Making Our Roads Safe Again

Imagine being able to safely cycle and walk to your nearest town or village, largely free of speeding vehicles thundering closely by, and the choking carbon dioxide emissions that they produce?

The UK government state in their Cycling and Walking Investment Strategy paper that they want “walking and cycling to be a normal part of everyday life, and the natural choices for shorter journeys such as going to school, college or work, travelling to the station, and for simple enjoyment.” They also want this to be the case by the year 2040. But, can walking and cycle routes be made more attractive, and above all safe, so that the government can reach their declared goal by 2040?

This ambitious goal seems to have already hit a major bump in the road. Yesterday (23rd July 2019) the Active travel: increasing levels of walking and cycling in England┬áreport was published by the Commons Transport Select Committee and, in response to this report, Paul Tuohy, Chief Executive of Cycling UK, said, “the Government admitted its current policies will only deliver a third of what is needed to meet its 2025 cycling targets.” The referenced 2025 targets are to double the amount of people who cycle every year. The Walking and Cycling alliance, of which Tuohy is a member, believe that to achieve their goal the government need to urgently invest serious funds to improve the cycling and walking infrastructure in every UK community.

Cycling to work has obvious and well documented lifestyle benefits including physical and mental health well-being as well as being a cheaper form of travel. However, a 2018 survey of 7,600 adults in the UK revealed that, despite the £1.2 billion Government funding in cycling, there are still only a few people willing to cycle to work. The survey, published by Decathlon, declared that a mere 7% of people in the UK cycle to work and the reason more do not do so is because they do not feel safe on the roads. Around 1 in 4 said they were “too scared to cycle the roads to work” while 1 in 5 said they worked too far from home for cycling to work to be an option.

So what are the changes that need to be put in place to make roads an attractive and safe place to cycle?

The answer to that question appears to be on-going. Cycling UK produced a booklet titled Cycle Safety: Make it Simple in response to the government’s Cycling and Walking Investment Strategy Safety Review: Call for Evidence which itself was published with the aim of gathering ideas from organisations and individuals who are concerned about cycling and walking safety.

Cycling UK’s booklet suggested “tackling dangerous road conditions using the straightforward ‘Safe Systems’ approach” which is a system that believes in safe transport for all road users. Some of the focus areas suggested include:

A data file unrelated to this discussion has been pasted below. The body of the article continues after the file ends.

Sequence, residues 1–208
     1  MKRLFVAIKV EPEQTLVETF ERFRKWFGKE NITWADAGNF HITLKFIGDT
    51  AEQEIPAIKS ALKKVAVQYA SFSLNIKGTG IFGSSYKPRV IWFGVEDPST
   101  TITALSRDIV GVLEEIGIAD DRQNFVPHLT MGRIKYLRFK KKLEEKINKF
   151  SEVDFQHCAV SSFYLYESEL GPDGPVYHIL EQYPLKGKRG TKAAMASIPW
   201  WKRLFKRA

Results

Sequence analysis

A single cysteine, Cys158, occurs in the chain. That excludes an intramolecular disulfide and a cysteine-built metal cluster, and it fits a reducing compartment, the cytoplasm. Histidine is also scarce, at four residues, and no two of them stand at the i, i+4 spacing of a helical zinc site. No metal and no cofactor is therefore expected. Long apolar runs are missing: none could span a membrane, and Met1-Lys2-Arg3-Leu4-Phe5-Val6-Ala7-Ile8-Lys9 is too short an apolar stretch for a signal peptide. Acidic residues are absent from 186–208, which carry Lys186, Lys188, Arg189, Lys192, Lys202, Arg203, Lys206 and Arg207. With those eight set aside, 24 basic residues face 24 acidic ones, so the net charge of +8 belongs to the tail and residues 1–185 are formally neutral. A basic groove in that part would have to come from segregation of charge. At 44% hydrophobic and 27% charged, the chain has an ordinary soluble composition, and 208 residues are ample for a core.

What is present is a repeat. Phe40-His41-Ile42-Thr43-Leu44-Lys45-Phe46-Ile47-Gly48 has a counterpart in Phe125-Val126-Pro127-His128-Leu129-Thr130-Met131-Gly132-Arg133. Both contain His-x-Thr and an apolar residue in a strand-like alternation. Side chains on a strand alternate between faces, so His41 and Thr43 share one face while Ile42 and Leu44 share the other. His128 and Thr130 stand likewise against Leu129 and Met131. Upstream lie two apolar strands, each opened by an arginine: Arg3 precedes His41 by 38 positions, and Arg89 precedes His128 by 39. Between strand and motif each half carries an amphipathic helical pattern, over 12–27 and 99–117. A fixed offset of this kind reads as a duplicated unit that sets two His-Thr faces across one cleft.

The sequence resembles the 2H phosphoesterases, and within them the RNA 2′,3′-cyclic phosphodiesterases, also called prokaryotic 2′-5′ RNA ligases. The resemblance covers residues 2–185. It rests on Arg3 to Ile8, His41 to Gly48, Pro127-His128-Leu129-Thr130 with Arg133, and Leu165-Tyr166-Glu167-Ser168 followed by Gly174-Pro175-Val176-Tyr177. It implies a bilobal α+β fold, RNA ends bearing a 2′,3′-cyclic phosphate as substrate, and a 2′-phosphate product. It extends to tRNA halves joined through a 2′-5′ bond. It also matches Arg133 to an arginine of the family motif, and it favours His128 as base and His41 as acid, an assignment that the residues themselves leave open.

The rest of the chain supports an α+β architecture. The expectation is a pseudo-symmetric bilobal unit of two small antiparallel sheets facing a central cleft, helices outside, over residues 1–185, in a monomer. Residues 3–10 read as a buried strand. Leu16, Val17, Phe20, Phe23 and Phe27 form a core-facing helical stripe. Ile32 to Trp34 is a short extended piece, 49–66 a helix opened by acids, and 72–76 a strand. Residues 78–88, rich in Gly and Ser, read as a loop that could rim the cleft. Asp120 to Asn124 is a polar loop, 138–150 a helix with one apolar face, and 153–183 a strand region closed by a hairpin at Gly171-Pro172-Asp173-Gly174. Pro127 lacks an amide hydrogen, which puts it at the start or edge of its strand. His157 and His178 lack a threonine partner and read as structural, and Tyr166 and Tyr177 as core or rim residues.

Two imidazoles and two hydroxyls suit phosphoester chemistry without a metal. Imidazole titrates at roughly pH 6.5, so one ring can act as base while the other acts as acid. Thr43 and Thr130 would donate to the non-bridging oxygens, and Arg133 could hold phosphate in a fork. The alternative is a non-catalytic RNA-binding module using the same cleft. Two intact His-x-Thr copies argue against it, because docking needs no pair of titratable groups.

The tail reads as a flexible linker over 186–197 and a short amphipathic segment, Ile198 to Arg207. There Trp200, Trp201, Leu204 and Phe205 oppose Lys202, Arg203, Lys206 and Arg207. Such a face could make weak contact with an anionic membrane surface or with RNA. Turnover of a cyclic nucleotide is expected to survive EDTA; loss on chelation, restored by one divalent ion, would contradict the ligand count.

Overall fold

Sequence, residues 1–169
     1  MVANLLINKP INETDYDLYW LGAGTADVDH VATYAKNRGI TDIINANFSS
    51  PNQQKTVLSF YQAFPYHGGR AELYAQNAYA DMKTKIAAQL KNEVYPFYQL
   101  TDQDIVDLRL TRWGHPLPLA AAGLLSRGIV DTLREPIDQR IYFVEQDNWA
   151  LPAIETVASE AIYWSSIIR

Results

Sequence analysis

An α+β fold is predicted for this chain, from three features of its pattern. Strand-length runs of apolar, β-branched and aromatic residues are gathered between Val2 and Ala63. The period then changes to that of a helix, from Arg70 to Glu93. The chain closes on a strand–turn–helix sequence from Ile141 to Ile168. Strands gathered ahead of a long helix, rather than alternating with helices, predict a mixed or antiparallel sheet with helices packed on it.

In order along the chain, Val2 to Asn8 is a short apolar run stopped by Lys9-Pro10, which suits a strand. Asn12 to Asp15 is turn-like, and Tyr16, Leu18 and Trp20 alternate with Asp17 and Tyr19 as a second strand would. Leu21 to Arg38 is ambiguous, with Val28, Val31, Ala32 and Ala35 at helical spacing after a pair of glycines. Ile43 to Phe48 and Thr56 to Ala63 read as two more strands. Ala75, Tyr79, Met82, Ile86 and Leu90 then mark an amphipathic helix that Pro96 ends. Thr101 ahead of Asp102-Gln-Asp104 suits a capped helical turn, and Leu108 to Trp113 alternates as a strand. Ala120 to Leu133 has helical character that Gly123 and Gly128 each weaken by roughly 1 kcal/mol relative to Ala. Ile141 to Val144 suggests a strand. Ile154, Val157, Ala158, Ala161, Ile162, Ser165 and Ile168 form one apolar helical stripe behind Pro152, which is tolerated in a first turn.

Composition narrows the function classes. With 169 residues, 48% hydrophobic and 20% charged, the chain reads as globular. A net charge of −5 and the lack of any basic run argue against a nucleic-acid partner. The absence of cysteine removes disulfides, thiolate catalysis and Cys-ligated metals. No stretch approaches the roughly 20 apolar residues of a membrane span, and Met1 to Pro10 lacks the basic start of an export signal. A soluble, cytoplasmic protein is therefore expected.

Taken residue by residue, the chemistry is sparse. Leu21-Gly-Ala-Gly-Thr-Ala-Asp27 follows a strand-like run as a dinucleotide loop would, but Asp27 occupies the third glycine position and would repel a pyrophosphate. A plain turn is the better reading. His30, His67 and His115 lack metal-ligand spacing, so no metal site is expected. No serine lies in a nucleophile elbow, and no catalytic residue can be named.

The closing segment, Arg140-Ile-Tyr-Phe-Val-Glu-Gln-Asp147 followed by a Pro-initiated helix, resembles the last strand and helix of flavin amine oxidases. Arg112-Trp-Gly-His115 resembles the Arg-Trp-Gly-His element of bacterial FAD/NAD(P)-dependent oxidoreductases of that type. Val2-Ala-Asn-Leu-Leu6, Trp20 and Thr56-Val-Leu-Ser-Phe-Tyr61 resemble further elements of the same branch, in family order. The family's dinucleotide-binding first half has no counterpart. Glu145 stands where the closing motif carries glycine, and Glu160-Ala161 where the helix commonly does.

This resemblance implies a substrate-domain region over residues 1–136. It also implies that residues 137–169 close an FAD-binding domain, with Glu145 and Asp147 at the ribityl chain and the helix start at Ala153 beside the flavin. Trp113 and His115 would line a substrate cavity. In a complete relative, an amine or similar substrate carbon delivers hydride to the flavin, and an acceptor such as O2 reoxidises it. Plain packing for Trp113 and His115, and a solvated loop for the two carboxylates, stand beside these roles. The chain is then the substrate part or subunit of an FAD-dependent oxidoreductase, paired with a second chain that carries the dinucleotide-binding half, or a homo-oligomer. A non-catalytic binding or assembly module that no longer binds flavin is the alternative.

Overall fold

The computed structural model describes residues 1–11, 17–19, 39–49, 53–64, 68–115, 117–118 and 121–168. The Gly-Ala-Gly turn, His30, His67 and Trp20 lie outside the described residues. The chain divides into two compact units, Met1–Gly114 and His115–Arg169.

• roads and junctions designed to be pedestrian and cycle friendly
  • safety awareness campaigns
  • Highway Code revision
  • change the default speed limit for built-up areas to 20mph
  • improve lorry design and equipment with safety of cyclists and pedestrians in mind
  • set up targets to reduce road casualties
Attaining these aims for safer cycling and walking will require a continued effort by the Government with advice and collaboration from the Cycle Proofing Working Group whose members include the Department for Transport, Highways Agency, Institute of Highways Engineers, Local authority representatives, British Cycling, CTC, the national cycling charity, and Sustrans.

While these are all great initiatives that will, hopefully, produce some improvements in the safety of the road network for all road users, the longer term solution to a more active nation and a reduction in traffic on our roads is multi-faceted - more people working from home (or much closer to home), an Active Workplace and Active Design for our communities.

There are many Government (or otherwise) funded bodies doing splendid work driving these multiple initiatives forward but are we entirely dependent on their success to make our world better?

Hopefully not.

What can we do today to each improve the safety on our roads? Mobile phone use by drivers seems to have increased again recently. Not providing enough room when passing cyclists. Aggressive cyclists not obeying the rules of the road. When a former police officer describes the situation between cyclists and drivers at Box Hill in Surrey as “a war” then there is something we can all do today…

Just go out there and be nice. Keep a lid on the red mist and, at least one time, be nice to another road user. That would be a great start…



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